Interview with Bianca Bosker, Author of New Book “Original Copies: Architectural Mimicry in Contemporary China”

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The widespread pirating of architectural motifs in China’s developing urban landscape is a well-documented phenomenon. From Alpine Villages to starchitect-designed superstructures, Chinese builders often seem to have no shame in copy and pasting designs originating from far away places.

This perplexing and culturally intriguing topic is the subject of a new book by Bianca Bosker, Executive Tech Editor for The Huffington Post. Original Copies: Architectural Mimicry in Contemporary China (University of Hawaii, 2013) examines the trend of “duplitecture” in China – the construction of monumental, themed communities that replicate the cities and towns of the West, frequently drawing on historical European archetypes.

Bianca was nice enough to answer some questions to help give us a better idea of what her book is about:

Adam Mayer (AM): What prompted you to write a book about architectural mimicry in China and how did you become interested in this topic? What message are you trying to convey by writing this book beyond showcasing the fact that China likes to copy buildings?

Bianca Bosker (BB): My interest in this architectural movement started during a research trip to China when I first discovered Shanghai’s “One City, Nine Towns” plan, an urban planning initiative devised by local officials that called for ringing the metropolis with ten satellite communities each built as a full-scale replica of a foreign city and designed to house hundreds of thousands of inhabitants. German architects were commissioned to build the German-themed town; British architects were tapped to design ye olde, English-style “Thames Town,” and so forth for the Italian, Scandinavian, Dutch and other European-style towns. The experience of visiting these communities is, to quote the slogan of one of the residential communities, “Out of expectation with common sense.”

I was intrigued by how at odds these developments were with the futuristic, hyper-modern skyscrapers being built – and touted—in China’s metropolises; how dramatically these communities split with China’s own rich architectural traditions; and the gulf between the excitement among developers, residents and officials for these themescapes on the one hand, and the disdain with which they were regarded by many critics and architects on the other. My quest to understand why these were being built – and what they could tell us about the makeup of the 21st century “Chinese dream” – is what led me to my book.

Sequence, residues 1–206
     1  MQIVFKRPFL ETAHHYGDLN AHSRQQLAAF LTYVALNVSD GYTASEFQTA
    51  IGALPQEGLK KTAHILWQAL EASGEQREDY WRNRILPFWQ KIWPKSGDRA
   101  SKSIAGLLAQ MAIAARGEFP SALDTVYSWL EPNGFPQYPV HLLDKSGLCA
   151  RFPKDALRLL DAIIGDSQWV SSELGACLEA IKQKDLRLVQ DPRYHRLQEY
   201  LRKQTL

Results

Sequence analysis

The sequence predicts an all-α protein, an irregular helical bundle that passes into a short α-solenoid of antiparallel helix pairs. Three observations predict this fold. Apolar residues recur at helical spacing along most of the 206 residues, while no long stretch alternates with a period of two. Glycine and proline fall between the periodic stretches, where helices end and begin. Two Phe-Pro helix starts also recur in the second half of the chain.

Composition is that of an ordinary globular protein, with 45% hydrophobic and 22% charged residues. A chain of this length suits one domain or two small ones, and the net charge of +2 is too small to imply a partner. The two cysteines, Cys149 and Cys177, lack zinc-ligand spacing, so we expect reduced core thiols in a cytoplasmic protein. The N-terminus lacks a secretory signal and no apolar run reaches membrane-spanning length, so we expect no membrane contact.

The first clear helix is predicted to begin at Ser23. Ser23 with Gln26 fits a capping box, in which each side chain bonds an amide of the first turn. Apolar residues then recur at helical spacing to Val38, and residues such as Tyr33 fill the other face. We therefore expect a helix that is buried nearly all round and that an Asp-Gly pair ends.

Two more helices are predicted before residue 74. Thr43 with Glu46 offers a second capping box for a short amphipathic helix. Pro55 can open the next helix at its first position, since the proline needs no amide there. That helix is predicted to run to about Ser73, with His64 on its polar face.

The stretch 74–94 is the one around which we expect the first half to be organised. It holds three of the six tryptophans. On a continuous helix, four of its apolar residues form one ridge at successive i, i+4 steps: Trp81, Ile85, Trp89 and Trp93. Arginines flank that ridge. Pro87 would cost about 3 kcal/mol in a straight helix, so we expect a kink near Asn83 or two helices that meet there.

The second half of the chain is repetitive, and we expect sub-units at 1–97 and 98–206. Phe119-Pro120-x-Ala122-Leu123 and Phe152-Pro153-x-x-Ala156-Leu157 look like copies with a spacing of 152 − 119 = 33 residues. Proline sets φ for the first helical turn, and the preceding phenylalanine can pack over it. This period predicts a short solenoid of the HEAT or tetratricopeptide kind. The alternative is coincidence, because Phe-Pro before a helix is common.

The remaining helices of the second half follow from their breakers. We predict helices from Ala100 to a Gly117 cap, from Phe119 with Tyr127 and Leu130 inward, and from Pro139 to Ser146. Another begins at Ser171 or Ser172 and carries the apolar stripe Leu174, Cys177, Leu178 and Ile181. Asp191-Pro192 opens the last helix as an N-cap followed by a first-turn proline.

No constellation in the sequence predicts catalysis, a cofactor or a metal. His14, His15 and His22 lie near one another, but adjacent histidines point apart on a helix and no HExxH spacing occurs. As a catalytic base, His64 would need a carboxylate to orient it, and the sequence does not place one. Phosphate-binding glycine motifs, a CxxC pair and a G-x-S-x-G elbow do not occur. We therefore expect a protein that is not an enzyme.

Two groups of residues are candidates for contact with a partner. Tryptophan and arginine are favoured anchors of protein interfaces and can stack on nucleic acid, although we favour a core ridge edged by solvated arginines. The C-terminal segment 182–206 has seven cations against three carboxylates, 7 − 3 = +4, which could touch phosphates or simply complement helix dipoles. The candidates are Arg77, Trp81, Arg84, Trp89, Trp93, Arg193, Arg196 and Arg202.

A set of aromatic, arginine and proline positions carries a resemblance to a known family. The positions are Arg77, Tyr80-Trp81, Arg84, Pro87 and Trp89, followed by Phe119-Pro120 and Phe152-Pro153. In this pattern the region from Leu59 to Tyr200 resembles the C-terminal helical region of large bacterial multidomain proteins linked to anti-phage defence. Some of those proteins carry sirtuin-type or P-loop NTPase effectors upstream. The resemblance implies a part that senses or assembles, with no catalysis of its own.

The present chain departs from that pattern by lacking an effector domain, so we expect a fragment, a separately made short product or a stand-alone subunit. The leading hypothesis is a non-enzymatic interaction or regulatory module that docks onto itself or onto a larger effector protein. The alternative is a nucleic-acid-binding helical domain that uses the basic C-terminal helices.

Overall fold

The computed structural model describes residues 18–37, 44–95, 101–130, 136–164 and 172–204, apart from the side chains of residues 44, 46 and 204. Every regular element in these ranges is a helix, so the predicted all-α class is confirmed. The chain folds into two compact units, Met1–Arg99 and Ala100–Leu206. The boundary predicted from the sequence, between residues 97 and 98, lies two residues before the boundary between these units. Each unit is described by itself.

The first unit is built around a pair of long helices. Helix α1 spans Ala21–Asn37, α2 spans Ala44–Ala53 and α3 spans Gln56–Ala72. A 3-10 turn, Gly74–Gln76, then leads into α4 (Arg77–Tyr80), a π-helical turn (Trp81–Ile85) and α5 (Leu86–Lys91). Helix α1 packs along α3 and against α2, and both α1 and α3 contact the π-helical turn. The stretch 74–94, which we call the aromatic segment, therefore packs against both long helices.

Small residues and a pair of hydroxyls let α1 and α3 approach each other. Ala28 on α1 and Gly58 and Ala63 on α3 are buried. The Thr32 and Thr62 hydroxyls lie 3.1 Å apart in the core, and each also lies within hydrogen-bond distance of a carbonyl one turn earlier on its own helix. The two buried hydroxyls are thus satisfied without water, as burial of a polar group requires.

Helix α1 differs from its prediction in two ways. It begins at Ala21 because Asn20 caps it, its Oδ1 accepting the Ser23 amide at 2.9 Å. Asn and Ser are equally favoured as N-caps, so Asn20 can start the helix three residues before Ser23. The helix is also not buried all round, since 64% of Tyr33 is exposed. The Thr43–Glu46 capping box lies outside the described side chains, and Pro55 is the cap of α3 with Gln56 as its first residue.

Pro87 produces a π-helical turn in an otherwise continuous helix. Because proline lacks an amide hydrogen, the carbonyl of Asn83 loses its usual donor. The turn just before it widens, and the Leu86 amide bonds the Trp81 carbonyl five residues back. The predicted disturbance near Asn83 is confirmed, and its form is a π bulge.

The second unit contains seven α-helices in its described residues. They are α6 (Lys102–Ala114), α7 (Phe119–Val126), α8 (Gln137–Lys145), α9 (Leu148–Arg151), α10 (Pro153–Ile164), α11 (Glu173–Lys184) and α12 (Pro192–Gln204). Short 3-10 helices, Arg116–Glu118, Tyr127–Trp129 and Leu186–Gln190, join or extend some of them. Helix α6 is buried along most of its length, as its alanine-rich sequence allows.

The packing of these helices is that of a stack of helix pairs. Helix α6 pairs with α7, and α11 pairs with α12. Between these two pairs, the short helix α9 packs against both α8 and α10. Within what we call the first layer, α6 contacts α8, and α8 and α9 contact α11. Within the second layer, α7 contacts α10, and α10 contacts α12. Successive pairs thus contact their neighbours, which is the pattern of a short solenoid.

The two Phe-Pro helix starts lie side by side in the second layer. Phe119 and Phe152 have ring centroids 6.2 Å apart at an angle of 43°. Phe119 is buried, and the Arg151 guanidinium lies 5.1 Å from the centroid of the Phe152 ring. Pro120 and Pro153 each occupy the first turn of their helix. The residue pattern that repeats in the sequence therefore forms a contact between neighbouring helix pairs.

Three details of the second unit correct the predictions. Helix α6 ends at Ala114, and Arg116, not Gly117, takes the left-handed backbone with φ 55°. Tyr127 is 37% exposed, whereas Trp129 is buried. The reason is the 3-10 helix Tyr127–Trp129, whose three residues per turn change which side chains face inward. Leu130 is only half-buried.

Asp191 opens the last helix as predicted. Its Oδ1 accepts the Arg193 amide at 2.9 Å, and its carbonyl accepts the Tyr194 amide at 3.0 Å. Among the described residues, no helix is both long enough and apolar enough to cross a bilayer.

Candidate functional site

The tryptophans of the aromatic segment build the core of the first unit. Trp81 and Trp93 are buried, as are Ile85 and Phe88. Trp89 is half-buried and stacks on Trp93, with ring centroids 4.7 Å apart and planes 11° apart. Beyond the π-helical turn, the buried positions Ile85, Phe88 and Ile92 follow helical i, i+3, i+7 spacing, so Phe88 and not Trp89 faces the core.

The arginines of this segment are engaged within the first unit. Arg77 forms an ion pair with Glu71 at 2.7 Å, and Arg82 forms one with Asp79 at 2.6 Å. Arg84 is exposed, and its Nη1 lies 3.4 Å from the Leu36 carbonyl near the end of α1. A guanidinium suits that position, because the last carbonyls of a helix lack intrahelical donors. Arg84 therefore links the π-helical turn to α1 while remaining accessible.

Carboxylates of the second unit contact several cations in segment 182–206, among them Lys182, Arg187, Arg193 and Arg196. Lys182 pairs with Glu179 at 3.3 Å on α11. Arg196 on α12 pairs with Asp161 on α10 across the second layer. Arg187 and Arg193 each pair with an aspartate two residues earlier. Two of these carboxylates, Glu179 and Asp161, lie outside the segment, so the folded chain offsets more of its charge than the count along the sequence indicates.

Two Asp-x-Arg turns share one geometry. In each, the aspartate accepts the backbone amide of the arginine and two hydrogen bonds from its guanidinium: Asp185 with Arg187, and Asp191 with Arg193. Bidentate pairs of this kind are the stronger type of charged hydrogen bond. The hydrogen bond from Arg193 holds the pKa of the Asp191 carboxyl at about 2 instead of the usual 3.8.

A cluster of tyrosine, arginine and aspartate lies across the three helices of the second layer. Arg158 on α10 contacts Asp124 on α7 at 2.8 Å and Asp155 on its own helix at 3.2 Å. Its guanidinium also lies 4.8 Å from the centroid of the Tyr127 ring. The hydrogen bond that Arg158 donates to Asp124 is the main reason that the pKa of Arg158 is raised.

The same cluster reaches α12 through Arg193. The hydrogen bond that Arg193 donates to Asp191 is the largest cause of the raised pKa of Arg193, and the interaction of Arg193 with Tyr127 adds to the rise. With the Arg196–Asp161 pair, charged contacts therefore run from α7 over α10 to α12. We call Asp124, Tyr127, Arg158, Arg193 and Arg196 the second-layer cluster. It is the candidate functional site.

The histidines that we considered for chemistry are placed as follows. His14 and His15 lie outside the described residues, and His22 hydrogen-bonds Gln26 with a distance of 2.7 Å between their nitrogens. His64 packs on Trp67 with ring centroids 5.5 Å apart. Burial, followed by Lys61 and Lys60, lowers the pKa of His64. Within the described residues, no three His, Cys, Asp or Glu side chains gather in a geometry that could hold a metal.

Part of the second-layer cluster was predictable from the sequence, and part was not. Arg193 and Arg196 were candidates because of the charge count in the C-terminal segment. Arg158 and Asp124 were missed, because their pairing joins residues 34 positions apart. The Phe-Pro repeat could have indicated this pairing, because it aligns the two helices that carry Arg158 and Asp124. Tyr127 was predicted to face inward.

The goal of Original Copies, which takes readers inside the homes in these communities and into the minds of the officials and architects that built them, is to explain what factors have given rise to China’s en-masse importation of Western landscapes, right down to statues of Winston Churchill and Venice’s Saint Mark’s square, and what it means. The message is also that these buildings speak to an important inflection point in contemporary China from closed-off, top-down society to one where individuals are increasingly able to exercise small levers of power and individual choice. And that this architectural movement, which on the surface appears to many observers a sign of China’s infatuation with the West, are actually are monuments to China’s achievements and progress, not to the West’s.

“The hardware may be all Western,” explained a resident of Shanghai’s Thames Town, “but the software is all Chinese.”

AM: Is it fair to criticize China for being a copycat when the U.S. does the same thing (e.g. Las Vegas) with architectural styles from around the world? Is co-opting European stylistic motifs simply just a universal desire for the aspiring global nouveau riche class?

BB: You’re absolutely right to highlight the U.S.’s own lengthy tradition of copying European architectural prototypes, from Italian palazzos to English Gothic designs. The campuses of Princeton and Yale were knockoffs of Oxford and Cambridge in their own way. And before we try to criticize China for building a “Beverly Hills” development or “Venice Water Town” (in Chongqing and Hangzhou, respectively) we might consider New York state is home to towns like Ithaca, Athens and Troy. (The book, I would also note, isn’t focused on casting a value judgment on China’s copycat architecture, but rather explaining why it exists).